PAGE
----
For the Love of Local Farmers, Eat Your Produce!
Kayla Parker, Seacoast Eat Local Intern
For the Love of Pumpkins!
With halloween coming up at the end of the month, there are pumpkins everywhere! Did you know that there was a difference between the type that you carve and the ones you can eat? I sure didn’t! Sarah from Seacoast Eat Local gave me this great, simple recipe idea, but as I set out into the market to do my shopping, she told me to make sure that I asked the farmers which one I could use to make a soup. I spotted a plethora of beautiful pumpkins over at the Riverside Farm’s tent and headed over. I told the farmer what I was looking for, and she helped me pick out a sugar pumpkin that would work for my recipe of the week.
Why You Should Love Pumpkins
Pumpkins are a delicious type of winter squash that is extremely versatile in cooking. They can be eaten sweet, as in a pie or mashed with cinnamon, or they can be made into a savory soup, like the recipe I have added below. Pumpkins are a nutrient dense vegetable, at only 30 Calories per one cup cubed, They are a good source of B vitamins, Iron, Magnesium and Phosphorus. They are also a very good source of vitamins A, C, E Potassium, Copper, and Manganese. Vitamin E is a fat soluble vitamin that acts as an antioxidant to help protect cells in the body from oxidative damage by free radicals.
Nutrient profile from nutritiondata.self.com
How To Love a Pumpkin
Local “Soup in a Pumpkin”
1 sugar pumpkin
1 qt chicken or vegetable broth
3-5 Cloves of garlic
Salt to taste
Move wire rack in oven down far enough that the whole pumpkin will fit in. Preheat oven to 400 F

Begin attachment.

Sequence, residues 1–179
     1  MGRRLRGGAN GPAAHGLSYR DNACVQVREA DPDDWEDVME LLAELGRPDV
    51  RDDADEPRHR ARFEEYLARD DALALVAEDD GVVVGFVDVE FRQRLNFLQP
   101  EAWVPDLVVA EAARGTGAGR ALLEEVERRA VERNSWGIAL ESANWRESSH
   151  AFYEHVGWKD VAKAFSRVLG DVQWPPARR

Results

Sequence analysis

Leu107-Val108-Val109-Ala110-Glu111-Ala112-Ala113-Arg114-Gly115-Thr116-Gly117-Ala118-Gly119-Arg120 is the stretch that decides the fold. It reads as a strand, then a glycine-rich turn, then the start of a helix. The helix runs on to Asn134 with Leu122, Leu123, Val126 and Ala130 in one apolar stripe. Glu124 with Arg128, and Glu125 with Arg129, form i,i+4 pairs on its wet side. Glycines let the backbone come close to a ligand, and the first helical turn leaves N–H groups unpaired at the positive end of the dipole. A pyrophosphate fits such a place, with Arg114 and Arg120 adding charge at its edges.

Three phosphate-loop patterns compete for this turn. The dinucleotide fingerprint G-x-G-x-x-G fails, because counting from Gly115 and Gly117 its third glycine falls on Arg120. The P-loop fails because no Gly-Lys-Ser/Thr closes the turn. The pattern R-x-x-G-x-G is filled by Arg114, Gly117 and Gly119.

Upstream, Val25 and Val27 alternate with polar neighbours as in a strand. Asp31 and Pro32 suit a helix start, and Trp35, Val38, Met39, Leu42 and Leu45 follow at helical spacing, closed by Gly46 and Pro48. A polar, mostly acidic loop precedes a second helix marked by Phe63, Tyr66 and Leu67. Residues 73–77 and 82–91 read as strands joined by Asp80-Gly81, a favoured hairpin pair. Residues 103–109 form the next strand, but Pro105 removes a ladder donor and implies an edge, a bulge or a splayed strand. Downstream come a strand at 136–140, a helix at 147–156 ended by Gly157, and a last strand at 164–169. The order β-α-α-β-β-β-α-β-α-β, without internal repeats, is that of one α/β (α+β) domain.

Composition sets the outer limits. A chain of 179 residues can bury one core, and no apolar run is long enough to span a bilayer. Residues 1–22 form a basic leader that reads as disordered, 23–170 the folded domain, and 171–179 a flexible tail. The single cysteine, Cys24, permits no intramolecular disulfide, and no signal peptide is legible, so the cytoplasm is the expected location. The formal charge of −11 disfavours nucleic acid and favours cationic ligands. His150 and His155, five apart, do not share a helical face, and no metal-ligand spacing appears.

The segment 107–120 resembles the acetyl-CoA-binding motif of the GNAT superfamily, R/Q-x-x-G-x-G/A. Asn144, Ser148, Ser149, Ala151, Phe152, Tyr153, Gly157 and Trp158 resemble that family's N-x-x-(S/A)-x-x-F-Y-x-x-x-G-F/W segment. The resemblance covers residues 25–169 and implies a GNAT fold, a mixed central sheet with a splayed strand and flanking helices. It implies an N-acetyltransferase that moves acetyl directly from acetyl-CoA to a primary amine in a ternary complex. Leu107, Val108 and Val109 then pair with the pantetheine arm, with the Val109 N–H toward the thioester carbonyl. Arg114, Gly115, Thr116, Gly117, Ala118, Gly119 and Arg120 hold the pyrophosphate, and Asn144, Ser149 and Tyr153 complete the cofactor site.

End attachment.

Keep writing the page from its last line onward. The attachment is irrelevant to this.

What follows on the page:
Cut off top of pumpkin and scoop out insides. (Don’t throw out the seeds, these are great for drying and roasting for a snack later!) If the stem of the pumpkin is long, cut it so that it’s no more than a ½ an inch tall to prevent it from burning. Place pumpkin on a baking pan or sheet.
Thinly slice the leek and garlic and place in bottom of the pumpkin. Add chopped rosemary, sage, and parsley
Fill pumpkin with 1 qt chicken or vegetable broth and place pumpkin top back on
Cook pumpkin for 1 to 1 ½ hours or until pumpkin feels soft. This will ultimately depend on the size of the pumpkin that you used**
Remove pumpkin from oven, scrape insides into broth, add salt to taste, and serve hot
For an alternative way to serve this delicious soup, puree the pumpkin with some of the broth. This modification was my personal favorite!
** The recipe I used said 2 hours, but I checked on mine after about one hour and 20 minutes, and as you can see, there was some browning and 1 hour would have been sufficient.
Recipe modified from Purewow.com